# Normalising squeezed position eigenket?

I want to find the effect of squeezing operator $$S(r) = \exp \big[r(\hat{a}^2 - \hat{a}^{{\dagger}^2})\big]$$ on $$|q\rangle$$ i.e. $$S(r)|q\rangle$$.

I proceed as follows:

$$S(r)\hat{q}|q\rangle = S(r)q |q\rangle$$ Also $$S(r)\hat{q}|q\rangle = S(r)\hat{q}S(r)^{\dagger}S(r)|q\rangle = e^r \hat{q}(S(r)|q\rangle)$$ using $$S(r)\hat{q}S(r)^{\dagger} = e^r \hat{q}$$. Combining above two equations yield $$\hat{q}(S(r)|q\rangle) = e^{-r} q (S(r)|q\rangle)$$ Hence, $$S(r)|q\rangle$$ is eigenket of $$\hat{q}$$ operator with eigenvalue $$e^{-r} q$$ i.e. $$S(r)|q\rangle = N |e^{-r} q\rangle$$ where N is the normalization factor.

How to determine normalization factor $$N$$?

For more details see Chapter 8 of Introduction to Optical Quantum Information Processing By Pieter Kok, Brendon W. Lovett.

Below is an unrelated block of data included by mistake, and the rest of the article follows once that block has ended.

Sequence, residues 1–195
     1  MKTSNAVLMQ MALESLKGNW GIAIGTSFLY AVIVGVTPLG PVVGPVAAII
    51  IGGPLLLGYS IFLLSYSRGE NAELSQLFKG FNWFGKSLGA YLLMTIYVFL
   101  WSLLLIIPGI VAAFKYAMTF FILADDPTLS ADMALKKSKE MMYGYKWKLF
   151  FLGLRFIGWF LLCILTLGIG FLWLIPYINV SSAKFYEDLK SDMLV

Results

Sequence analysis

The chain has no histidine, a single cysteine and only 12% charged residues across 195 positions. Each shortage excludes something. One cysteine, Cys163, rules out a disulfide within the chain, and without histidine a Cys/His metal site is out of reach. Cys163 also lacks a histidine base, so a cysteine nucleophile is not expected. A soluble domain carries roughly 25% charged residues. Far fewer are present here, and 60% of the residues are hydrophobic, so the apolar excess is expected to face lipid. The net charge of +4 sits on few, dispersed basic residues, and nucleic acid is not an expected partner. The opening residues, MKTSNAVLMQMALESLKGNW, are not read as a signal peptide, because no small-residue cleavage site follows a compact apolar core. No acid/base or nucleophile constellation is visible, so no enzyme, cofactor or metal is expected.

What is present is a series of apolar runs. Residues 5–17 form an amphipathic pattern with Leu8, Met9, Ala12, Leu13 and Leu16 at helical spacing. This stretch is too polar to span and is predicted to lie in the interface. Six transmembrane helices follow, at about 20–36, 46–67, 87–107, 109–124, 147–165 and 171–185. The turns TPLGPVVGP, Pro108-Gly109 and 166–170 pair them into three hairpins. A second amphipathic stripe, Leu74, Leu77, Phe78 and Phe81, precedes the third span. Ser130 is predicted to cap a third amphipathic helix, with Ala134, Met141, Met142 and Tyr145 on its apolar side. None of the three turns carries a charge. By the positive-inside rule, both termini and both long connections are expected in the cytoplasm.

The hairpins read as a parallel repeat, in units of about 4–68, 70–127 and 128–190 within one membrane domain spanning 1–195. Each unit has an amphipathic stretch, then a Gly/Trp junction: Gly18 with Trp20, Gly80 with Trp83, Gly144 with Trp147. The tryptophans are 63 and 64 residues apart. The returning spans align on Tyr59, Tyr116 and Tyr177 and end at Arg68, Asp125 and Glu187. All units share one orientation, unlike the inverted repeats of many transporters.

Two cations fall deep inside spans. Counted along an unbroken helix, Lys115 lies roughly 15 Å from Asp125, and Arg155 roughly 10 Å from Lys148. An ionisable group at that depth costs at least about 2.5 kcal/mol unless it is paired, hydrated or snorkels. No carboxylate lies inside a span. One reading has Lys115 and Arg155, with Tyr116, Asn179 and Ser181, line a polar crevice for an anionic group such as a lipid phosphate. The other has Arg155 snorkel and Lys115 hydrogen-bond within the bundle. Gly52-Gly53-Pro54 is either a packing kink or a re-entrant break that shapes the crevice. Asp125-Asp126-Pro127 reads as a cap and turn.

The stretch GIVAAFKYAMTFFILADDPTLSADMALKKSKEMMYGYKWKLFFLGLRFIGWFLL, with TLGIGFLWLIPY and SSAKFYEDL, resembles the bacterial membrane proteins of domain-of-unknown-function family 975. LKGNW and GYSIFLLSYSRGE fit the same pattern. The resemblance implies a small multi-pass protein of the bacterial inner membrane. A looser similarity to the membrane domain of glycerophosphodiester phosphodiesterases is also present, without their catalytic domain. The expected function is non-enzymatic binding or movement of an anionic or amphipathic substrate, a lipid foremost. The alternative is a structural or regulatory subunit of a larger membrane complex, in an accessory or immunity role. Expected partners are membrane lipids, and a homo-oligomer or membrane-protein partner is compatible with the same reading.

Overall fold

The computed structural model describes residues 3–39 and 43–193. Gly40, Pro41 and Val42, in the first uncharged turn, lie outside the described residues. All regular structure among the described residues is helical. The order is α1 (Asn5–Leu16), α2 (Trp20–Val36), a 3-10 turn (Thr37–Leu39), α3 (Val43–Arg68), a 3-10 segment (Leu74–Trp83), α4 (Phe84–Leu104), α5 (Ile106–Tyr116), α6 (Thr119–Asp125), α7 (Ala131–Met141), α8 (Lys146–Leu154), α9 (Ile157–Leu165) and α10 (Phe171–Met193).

Another ref: P.No. 12, arxiv: 1212.5340

If $$S(z) = \exp\{z (\hat a^\dagger)^2 -z^*\hat a^2\}$$ then $$S^\dagger(z) = S(-z)=S^{-1}(z)$$, so $$S(z)$$ is unitary. It does not change the nomalization of any state therefore. You should be careful however: Your
$$|q\rangle$$ is an eigenstate of the position operator, so it is not itself normalizable to start with.
• @Mark Robinson. I do not understand your comment. For any state $|f\rangle$, both $S(r) |f\rangle$ and $|f\rangle$ have the same normalization. If you had a nomalizable eigenstate localized near $q$ now you have one that has been moved to $e^{-r}q$, but it still has the same normalization. – mike stone Apr 19 '19 at 15:44
• @Mark Robinson. His eq 8.31 is nonsense since we cannot normalize $|e^{-r}q\rangle$. What he is trying to say, however, is some muddled combination of $\langle q|q'\rangle =\delta(q-q')$ and $\delta(e^{-r} x)= e^r\delta(x)$ so he thinks that $\langle e^{-r} q|e^{-r} q'\rangle = \delta(e^{-r}q-e^{-r}q')= e^r\delta(q-q')$. Again let me stress that this is nonsense. – mike stone Apr 19 '19 at 16:21